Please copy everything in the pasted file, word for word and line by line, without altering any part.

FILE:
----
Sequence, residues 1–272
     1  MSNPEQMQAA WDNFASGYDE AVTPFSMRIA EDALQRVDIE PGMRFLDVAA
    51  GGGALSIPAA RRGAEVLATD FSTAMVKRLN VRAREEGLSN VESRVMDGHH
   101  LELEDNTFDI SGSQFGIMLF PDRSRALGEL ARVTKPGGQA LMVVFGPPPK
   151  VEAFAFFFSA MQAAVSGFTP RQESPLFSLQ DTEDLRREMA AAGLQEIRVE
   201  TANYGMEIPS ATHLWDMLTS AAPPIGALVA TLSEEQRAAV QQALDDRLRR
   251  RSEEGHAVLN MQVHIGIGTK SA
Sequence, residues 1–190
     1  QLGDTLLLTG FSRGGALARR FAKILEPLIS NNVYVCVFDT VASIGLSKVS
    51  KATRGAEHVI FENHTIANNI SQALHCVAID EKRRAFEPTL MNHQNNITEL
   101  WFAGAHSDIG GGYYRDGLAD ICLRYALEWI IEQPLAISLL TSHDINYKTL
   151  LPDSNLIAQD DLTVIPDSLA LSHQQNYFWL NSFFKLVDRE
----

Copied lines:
Sequence, residues 1–272
     1  MSNPEQMQAA WDNFASGYDE AVTPFSMRIA EDALQRVDIE PGMRFLDVAA
    51  GGGALSIPAA RRGAEVLATD FSTAMVKRLN VRAREEGLSN VESRVMDGHH
   101  LELEDNTFDI SGSQFGIMLF PDRSRALGEL ARVTKPGGQA LMVVFGPPPK
   151  VEAFAFFFSA MQAAVSGFTP RQESPLFSLQ DTEDLRREMA AAGLQEIRVE
   201  TANYGMEIPS ATHLWDMLTS AAPPIGALVA TLSEEQRAAV QQALDDRLRR
   251  RSEEGHAVLN MQVHIGIGTK SA
Sequence, residues 1–190
     1  QLGDTLLLTG FSRGGALARR FAKILEPLIS NNVYVCVFDT VASIGLSKVS
    51  KATRGAEHVI FENHTIANNI SQALHCVAID EKRRAFEPTL MNHQNNITEL
   101  WFAGAHSDIG GGYYRDGLAD ICLRYALEWI IEQPLAISLL TSHDINYKTL
   151  LPDSNLIAQD DLTVIPDSLA LSHQQNYFWL NSFFKLVDRE